Different cold working processes aim to finish surfaces for longevity, but shot peening stands as one of the most efficient of them.
The abrasives act as tiny peening hammers that indent and dimple surfaces to create a layer of residual compressive stress. You, however, should know on which industrial products to use this technique. Among them include:
Automobile engine manufacturers have been using peened compression springs for over five decades. This is because they realise that peening increases fatigue resistance in valve springs. Syntech added that peening could also increase fatigue resistance in coiled torsion and extension springs.
Shafts & Axles
The shear sections of shafts may fail when you overload them. This design helps protect the loads and equipment they are driving. As these shear sections are thinner than other parts of the shafts, they are prone to early failures from fatigue.
You can enhance fatigue properties in most shafts and axles, especially in notched shafts and rear axles, by peening them. In most cases, however, you will only need to peen in splines, key-ways, fillets, and the shear sections.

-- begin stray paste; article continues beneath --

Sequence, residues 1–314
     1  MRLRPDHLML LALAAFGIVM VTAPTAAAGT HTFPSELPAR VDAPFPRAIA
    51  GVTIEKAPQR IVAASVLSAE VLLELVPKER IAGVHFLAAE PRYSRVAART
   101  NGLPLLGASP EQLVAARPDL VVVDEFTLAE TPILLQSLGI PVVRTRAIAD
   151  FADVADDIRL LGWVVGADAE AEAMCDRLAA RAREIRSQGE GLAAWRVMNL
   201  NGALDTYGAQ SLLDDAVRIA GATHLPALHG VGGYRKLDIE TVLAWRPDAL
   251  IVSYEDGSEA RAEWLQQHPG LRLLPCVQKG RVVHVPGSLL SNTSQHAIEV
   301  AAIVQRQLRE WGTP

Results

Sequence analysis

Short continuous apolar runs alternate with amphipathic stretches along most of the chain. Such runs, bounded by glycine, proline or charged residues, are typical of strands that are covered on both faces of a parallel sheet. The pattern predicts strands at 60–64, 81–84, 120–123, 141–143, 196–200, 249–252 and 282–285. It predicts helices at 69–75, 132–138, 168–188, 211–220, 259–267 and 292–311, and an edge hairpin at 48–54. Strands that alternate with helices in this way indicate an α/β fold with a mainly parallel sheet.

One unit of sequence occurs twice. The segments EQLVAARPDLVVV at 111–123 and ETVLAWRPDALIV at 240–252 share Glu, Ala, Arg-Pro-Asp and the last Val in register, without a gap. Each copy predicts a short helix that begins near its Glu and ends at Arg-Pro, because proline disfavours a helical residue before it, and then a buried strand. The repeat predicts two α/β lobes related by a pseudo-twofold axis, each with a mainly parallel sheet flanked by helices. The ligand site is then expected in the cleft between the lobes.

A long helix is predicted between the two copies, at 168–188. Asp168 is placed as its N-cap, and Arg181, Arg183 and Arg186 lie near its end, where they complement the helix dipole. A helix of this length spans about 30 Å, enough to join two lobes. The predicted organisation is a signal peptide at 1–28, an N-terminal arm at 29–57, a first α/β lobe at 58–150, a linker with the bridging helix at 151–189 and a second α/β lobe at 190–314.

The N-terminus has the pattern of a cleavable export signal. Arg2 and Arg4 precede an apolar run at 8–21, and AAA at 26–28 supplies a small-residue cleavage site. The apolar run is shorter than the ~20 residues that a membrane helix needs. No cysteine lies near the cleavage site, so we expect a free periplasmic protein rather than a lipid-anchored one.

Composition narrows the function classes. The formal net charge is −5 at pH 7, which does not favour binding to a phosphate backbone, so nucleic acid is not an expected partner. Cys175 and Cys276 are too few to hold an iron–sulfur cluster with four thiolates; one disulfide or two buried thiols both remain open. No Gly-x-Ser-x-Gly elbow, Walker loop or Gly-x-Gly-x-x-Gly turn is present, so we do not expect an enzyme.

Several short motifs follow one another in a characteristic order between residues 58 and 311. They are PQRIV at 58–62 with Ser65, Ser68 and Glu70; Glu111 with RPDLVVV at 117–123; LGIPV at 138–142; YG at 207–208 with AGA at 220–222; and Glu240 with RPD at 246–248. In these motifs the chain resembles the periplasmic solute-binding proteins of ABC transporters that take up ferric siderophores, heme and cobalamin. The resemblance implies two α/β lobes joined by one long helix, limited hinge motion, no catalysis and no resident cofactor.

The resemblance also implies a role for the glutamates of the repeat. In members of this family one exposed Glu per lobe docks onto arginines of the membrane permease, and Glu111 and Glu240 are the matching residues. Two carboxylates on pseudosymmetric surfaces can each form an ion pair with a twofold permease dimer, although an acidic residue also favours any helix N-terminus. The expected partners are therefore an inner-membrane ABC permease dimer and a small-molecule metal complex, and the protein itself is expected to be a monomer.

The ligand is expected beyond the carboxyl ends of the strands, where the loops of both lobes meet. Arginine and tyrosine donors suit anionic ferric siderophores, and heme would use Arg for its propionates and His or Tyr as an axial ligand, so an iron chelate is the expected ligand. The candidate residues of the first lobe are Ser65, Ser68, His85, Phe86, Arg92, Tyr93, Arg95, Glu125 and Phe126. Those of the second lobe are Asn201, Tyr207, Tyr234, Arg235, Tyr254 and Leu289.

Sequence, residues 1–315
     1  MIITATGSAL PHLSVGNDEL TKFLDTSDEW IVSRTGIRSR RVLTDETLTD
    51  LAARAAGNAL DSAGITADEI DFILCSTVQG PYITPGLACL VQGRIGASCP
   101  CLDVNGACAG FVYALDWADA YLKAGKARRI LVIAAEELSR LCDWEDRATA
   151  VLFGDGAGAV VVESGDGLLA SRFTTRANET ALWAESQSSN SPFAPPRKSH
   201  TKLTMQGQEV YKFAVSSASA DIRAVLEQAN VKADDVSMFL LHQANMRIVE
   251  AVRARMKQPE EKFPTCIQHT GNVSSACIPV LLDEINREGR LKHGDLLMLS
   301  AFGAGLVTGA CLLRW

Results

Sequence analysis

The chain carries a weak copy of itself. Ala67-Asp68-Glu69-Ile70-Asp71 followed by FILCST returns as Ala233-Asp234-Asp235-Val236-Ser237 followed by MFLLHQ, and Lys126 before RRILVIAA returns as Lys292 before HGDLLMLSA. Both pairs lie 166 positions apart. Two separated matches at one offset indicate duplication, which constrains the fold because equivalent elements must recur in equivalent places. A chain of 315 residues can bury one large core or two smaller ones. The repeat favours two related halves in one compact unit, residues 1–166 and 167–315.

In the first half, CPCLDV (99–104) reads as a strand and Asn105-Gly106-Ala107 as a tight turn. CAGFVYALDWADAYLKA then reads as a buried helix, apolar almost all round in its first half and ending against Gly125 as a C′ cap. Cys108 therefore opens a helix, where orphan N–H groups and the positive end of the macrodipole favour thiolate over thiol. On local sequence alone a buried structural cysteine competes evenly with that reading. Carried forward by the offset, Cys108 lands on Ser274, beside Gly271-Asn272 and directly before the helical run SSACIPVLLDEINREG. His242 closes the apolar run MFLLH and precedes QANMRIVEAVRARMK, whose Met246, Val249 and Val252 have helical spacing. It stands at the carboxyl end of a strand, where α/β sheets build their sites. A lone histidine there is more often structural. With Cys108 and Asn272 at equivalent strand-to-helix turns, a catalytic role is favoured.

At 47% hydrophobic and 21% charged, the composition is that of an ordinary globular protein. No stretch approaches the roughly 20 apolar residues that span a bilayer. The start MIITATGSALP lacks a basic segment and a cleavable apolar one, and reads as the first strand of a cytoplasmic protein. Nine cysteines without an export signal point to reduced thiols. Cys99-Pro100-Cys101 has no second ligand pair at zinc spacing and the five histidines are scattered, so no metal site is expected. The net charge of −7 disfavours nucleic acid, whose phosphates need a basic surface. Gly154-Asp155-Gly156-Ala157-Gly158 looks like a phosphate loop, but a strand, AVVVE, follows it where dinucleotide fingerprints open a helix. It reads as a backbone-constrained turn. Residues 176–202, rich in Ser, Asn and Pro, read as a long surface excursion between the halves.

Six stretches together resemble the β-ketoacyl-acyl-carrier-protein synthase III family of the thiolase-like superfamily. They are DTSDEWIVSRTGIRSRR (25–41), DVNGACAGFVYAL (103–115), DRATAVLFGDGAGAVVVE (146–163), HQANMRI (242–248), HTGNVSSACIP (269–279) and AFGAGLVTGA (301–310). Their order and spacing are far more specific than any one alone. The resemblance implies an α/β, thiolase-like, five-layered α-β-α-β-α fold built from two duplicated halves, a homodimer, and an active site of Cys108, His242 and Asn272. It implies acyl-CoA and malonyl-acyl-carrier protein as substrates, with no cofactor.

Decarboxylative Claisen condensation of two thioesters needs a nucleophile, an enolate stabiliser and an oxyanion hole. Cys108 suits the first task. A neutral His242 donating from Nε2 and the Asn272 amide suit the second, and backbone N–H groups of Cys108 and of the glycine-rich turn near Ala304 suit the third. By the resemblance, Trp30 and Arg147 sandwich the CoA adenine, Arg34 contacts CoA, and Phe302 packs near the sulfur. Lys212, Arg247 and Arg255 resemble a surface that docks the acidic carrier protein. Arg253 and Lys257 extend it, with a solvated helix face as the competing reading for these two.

Peening gears are one of the most common applications. Among the types of gears, you can peen to enhance resistance to fatigue — for power tool gears and gears in automobiles, mining equipment, and large ships. Ideally, the indentations on peened gear surfaces also act as tiny oil reservoirs that promote lubrication.
Modern-day automobile economics lay great emphasis on reconditioning large crankshafts as a means of recycling them. This reconditioning includes crack inspection, then grinding the crankshaft surface to blend out the cracks regardless of whether the original equipment manufacturer had cold worked it. However, the most recommended way to restore residual compressive stresses and cold-work effects are using controlled peening.
Other industrial products that respond exceptionally well to shot peening (to reduce fretting fatigue) are connecting rods, bearing braces, and feed rollers. You should also peen the discs, shafts, blades and buckets in air compressors, stationary turbines, and jet engines to improve their fatigue, fretting, and galling properties.